Academia in Italy is targeting Israel – opinion

A recent wave of controversy has swept across Italian academic circles following the emergence of a petition calling for a boycott of Israeli academic and research institutions. 

The petition, triggered by the alleged crimes of the “illegal colonial occupation of Palestinian territories,” and a “Gaza siege,” has seen a huge increase in support since its inception in 2016. However, this increase is matched by a growing wave of opposition, highlighting the complexity and importance of the issue.

In 2016, a group of 168 Italian academics initiated a movement to boycott the Technion Institute of Technology in Haifa, arguing its complicity in the military occupation of Palestinian territories. 

Their call was dismissed by the Italian academic leadership, but their goal has since gained significant momentum, with over 4,000 academics signing a more recent appeal dated November 7, 2023. The appeal opens with a call for an “immediate ceasefire and respect for international humanitarian law,” and concludes urging Italian universities to sever ties with Israeli academic institutions.

However, this movement has not gone unchallenged. Recently, I raised concerns about the underlying implications of the appeal. In a revealing interview, I pointed out that the appeal implicitly endorsed the illegal occupation of Palazzo Giusso at L’Orientale University in Naples, and, more critically, questioned the legitimacy of the State of Israel itself. 

A gondola is pictured on Grand Canal in front of Rialto bridge in Venice, Italy, October 20, 2021 (credit: REUTERS/FABRIZIO BENSCH)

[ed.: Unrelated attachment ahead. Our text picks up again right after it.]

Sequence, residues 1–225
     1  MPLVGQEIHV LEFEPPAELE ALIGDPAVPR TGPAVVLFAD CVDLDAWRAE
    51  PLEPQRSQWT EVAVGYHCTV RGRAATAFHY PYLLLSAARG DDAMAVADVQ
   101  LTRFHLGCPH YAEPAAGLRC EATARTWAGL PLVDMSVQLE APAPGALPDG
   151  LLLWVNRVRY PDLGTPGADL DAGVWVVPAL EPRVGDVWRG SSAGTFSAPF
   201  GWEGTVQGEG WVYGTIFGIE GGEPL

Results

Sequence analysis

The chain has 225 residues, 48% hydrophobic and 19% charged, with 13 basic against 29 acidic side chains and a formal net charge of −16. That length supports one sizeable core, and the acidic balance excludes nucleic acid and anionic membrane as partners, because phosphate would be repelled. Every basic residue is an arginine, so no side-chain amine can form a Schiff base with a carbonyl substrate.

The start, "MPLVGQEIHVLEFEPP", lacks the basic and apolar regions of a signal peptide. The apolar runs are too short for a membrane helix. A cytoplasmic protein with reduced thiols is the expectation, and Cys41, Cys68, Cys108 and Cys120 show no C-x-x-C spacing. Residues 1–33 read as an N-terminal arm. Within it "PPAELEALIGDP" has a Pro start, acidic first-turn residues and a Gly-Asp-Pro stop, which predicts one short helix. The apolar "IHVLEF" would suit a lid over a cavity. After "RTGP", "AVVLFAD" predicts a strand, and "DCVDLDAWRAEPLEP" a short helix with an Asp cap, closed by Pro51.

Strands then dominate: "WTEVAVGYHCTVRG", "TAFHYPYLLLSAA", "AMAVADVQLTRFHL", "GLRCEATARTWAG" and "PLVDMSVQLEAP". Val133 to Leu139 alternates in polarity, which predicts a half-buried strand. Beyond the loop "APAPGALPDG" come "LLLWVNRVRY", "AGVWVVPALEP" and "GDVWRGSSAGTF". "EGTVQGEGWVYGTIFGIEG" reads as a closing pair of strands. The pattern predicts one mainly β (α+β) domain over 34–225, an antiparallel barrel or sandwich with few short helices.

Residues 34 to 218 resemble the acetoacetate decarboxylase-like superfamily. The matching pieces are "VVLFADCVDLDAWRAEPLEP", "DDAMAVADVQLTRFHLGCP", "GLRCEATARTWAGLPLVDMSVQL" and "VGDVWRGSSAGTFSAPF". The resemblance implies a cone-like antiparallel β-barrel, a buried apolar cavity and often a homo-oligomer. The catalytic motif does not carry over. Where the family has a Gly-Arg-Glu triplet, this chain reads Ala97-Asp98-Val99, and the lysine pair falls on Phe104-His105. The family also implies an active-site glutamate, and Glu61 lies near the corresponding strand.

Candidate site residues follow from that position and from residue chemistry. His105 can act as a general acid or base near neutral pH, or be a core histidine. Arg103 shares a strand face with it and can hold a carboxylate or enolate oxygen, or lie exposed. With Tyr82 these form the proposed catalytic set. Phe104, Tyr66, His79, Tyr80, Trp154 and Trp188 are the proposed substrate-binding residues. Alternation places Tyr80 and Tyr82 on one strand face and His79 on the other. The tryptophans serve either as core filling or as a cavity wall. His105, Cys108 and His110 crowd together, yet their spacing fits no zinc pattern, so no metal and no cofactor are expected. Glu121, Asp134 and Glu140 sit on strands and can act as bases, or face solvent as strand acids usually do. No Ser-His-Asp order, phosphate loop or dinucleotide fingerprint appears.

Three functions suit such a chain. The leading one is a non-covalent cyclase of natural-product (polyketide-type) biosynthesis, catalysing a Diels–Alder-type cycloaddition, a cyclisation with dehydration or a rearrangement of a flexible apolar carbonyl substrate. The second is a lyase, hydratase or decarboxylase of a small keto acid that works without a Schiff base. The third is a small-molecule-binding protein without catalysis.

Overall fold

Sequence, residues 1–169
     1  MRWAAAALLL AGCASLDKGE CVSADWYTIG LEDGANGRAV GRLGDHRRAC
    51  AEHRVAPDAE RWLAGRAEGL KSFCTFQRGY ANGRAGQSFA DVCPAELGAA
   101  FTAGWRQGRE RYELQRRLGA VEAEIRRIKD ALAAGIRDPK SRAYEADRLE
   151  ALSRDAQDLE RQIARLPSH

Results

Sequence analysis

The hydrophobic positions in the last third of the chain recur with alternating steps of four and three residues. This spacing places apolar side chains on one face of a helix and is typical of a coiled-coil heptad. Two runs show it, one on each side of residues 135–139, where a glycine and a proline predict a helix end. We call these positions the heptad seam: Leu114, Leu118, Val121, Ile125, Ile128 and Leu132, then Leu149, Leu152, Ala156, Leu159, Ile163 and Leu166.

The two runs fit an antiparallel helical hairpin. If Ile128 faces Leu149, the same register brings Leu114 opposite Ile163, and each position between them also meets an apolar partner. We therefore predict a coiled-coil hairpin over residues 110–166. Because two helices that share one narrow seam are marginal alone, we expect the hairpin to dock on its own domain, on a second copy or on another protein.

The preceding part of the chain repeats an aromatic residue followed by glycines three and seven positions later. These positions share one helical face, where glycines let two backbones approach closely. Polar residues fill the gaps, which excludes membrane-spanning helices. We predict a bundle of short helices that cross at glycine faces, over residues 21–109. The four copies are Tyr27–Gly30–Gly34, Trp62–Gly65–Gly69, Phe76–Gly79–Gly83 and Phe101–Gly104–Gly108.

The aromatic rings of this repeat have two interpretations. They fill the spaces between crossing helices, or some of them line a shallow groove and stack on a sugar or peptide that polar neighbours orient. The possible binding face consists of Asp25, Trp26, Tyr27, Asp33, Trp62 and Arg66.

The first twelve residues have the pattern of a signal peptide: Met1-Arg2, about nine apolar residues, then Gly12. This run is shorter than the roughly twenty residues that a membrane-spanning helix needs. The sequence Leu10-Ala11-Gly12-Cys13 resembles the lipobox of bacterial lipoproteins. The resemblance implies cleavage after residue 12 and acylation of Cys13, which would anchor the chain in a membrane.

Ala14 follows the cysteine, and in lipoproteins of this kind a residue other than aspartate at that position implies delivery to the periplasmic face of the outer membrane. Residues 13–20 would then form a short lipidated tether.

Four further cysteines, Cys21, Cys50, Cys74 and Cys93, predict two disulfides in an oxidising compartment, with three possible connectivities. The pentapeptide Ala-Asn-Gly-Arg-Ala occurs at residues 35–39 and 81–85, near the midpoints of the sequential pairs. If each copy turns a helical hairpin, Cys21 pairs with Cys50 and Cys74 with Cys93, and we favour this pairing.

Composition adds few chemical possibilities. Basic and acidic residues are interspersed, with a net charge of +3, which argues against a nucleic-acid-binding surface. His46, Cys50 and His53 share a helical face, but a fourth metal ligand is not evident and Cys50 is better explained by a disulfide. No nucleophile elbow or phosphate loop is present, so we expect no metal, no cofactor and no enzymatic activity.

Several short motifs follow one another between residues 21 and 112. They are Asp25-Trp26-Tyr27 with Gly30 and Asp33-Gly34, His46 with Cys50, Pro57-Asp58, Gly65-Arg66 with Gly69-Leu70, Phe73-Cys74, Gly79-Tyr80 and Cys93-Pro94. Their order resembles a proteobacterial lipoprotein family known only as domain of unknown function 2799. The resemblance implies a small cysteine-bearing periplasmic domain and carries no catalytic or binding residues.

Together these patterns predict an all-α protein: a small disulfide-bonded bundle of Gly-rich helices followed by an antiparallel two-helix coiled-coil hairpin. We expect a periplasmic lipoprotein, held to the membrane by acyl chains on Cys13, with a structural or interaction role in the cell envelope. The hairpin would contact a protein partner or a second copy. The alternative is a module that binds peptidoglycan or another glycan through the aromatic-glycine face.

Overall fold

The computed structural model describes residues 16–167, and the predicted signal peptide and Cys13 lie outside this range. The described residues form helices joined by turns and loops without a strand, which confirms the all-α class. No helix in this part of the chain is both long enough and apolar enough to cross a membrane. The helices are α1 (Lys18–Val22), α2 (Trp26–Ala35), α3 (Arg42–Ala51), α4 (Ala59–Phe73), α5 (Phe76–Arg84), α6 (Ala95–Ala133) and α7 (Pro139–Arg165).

November 7 appeal cites “occupation” going back to 1948

The appeal’s reference to “75 years of illegal occupation” dates back to the creation of the State of Israel in 1948, thus disputing Israel’s right to exist within internationally recognized borders.

Sergio Mattarella, the Italian president, has recently emphasized the importance of keeping scientific research insulated from international tensions, highlighting its role as an “instrument of peace.”

My analysis of the appeals revealed surprising insights. After personally contacting about 50 signatories, I received 18 requests to have their names removed from the records, demonstrating that they were not fully aware of the appeal’s content or intent.

This suggests that many academics might have been misled by the appeal’s title, which emphasized a ceasefire and adherence to international law. They may not have fully understood and/or read its call for an academic boycott of Israel.

Furthermore, a statistical analysis I performed suggests that the signatories represent only a tiny fraction of Italian academia. Only approximately 2.5% of associate and full professors in Italy have endorsed the appeal, reflecting a minority viewpoint within the larger academic community.

In light of these developments, the pro-Israel stance garners substantial support, emphasizing the detachment of the boycott movement from both reality and public opinion. The academic signatories of the petition provide for a small minority, possibly misinformed or unaware of the broader implications of their stance.

Their appeal not only misinterpreted the complex nature of the Israeli-Palestinian conflict but also overlooked Israel’s contributions to global scientific and academic progress. Such a cynical approach undermines the pivotal role of universities as beacons of knowledge and critical thinking and as guides for future generations. 

Academic institutions should foster understanding rather than confusion, collaboration rather than division, and teach the importance of nuanced and well-informed positions in addressing global issues.

The writer is an Italian-Israeli scholar and professor of physics at Bar-Ilan University. 

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